Saturday, February 3, 2007

IT WAS WEDNESDAY - IT MUST BE UCLA


Wednesday night saw us present Mine Your Own Business at UCLA. It was the biggest campus crowd we have had so far. It was also a (reasonably) friendly crowd.

In the Q&A after the documentary some of the audience who said they were environmentalists objected to being lumped in with the environmentalists featured in the film.

This then raised the question as to what is the definition of an environmentalist. It also raises a question about if environmentalists think their beliefs are not properly represented by their colleagues interviewed in the documentary have they publicly disassociated themselves from the comments.

To look at the first question first. What is the definition of an environmentalist?

Producer and director of Mine Your Own Business Ann McElhinney said that as there was no public and widely accepted definition of what constitutes an environmentalist one should, as a start, look at what its leaders say and what they say they believe.

This, very quickly, brings one to Mark Fenn, the country representative for Madagascar of the World Wildlife Fund. Mr Fenn is opposed to the proposed mine because he believes it will destroy the "quaintness" of the decrepit town of Fort Dauphin.

He also believes that the people of Madagascar do not want prosperity because he believes their current lifestyle means they have no stress and they really are rich because they smile a lot. He also states that the people of Madagascar do not value nutrition, housing or education.

Interviews with local people contradicted these strange beliefs.

Mine Your Own Business also exposes how prominent environmentalists mislead their supporters. Stephanie Roth, the Goldman Prize winner, when accepting the prize in Washington talks with much emotion and great length about forced resettlement of people in Rosia Montana. Her website Rosiamontana.org states on its front page "the illegal process of forced resettlement has already begun".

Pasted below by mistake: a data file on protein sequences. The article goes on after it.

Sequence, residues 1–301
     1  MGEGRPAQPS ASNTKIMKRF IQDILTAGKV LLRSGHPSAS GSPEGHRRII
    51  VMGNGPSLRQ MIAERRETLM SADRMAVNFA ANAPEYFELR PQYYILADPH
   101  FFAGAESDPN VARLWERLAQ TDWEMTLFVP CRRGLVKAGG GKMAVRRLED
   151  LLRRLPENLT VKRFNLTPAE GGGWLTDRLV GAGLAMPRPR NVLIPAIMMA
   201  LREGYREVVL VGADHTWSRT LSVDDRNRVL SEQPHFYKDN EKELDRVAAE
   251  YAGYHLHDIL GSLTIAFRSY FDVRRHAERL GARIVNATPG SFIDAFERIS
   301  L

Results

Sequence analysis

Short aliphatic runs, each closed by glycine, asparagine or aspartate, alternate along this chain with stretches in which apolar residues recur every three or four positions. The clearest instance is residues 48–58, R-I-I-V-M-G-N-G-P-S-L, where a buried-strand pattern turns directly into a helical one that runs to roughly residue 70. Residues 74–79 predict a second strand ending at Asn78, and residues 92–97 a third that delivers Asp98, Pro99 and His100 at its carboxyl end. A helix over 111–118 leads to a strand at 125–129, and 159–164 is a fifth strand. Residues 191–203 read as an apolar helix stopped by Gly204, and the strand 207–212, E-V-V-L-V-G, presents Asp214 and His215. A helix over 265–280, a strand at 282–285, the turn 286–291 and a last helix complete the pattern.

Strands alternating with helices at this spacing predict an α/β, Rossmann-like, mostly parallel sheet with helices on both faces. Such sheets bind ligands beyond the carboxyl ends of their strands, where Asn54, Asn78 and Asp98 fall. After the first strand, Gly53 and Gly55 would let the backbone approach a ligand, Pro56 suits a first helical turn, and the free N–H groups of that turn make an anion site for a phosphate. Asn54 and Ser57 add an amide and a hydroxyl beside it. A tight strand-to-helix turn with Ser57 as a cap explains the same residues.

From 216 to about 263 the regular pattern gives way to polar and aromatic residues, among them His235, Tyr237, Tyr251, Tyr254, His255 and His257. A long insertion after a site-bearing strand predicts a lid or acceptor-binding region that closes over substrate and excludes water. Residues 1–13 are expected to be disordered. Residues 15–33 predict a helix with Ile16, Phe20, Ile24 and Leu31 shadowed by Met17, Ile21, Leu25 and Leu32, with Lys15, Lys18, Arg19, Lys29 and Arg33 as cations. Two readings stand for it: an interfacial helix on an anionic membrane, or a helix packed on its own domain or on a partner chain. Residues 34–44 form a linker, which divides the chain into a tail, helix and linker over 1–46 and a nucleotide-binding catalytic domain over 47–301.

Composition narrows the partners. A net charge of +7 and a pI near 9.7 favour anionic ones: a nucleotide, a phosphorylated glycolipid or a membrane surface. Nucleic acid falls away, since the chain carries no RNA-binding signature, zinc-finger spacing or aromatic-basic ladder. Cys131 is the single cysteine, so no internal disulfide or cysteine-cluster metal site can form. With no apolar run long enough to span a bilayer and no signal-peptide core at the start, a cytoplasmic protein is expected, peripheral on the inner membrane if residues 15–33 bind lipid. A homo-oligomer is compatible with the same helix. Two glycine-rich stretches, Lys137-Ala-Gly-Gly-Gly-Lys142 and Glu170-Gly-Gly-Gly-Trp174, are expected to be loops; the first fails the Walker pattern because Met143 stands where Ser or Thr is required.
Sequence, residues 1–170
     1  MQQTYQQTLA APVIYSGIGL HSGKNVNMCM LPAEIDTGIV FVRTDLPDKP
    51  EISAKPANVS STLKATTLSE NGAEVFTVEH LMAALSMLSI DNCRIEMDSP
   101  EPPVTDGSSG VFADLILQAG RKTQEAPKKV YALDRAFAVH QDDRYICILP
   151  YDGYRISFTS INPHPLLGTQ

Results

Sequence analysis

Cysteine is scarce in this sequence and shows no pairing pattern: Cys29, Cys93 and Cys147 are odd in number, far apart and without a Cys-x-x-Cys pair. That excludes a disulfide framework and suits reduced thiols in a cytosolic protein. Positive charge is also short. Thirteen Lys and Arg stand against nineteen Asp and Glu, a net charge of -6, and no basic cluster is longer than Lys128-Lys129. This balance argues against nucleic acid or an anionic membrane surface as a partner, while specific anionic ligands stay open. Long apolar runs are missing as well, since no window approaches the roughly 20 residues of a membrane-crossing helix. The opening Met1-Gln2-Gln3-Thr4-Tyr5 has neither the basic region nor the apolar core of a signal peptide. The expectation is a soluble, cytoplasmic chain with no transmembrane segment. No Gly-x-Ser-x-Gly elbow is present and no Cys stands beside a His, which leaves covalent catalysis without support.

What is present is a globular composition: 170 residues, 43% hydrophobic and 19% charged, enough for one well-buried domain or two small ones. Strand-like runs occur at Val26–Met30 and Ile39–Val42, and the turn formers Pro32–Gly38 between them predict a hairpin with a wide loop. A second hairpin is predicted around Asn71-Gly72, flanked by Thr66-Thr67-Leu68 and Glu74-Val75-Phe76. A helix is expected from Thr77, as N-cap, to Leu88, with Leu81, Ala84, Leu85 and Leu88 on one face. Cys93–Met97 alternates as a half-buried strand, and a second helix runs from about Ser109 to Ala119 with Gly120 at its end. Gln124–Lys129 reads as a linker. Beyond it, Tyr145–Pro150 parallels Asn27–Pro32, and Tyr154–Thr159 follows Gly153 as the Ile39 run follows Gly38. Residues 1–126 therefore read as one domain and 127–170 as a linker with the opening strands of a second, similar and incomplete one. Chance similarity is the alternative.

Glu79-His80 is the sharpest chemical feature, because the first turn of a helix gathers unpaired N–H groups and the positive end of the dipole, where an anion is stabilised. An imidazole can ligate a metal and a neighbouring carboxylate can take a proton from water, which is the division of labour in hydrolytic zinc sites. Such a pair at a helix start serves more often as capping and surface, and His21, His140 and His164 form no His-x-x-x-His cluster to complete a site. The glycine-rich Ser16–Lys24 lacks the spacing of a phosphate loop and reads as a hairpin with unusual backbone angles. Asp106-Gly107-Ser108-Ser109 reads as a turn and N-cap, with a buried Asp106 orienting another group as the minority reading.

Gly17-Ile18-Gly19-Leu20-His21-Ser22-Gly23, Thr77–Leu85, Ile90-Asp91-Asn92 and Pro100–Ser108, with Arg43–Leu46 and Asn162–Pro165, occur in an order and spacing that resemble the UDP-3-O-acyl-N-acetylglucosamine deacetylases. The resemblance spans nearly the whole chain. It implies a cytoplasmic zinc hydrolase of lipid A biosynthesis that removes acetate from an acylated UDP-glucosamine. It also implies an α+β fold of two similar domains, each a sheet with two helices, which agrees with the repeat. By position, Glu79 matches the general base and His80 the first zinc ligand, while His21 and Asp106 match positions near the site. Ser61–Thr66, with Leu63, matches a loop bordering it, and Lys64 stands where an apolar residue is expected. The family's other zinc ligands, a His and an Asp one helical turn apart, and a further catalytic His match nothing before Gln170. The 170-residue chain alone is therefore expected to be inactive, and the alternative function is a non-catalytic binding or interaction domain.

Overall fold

This is not true. There have been no forced resettlements. People have sold their houses for the large sums of money that the company has offered. They are delighted that someone is offering decent prices for their mostly run down properties. Two thirds of the house have no running water and still use outhouses.

So that is what senior and respected environmentalists are saying. These are some of the most respected and most quoted environmentalists in the world today. Their opinions have been aired in the Guardian, the BBC and the New York Times. One has won the Goldman Prize.

Greenpeace and Friends of the Earth protested when the documentary was shown. They called for National Geographic to cancel our booking but they did not call for Mark Fenn to explain and withdraw his comments. They did not ask Rosiamontana.org and Stephanie Roth to correct the record and remove the untruth about the house buying programme from their website.


So we have to take it that these views and behaviour are what the mainstream environmental movement supports and believes. If environmentalists who watch Mine Your Own Business believe they are being misrepresented by the four environmentalists featured - then they should disassociate themselves from them and ask the people and the organisations they represent to explain their actions and statements.

We, and the people of Rosia Montana, Madagascar and Chile are waiting.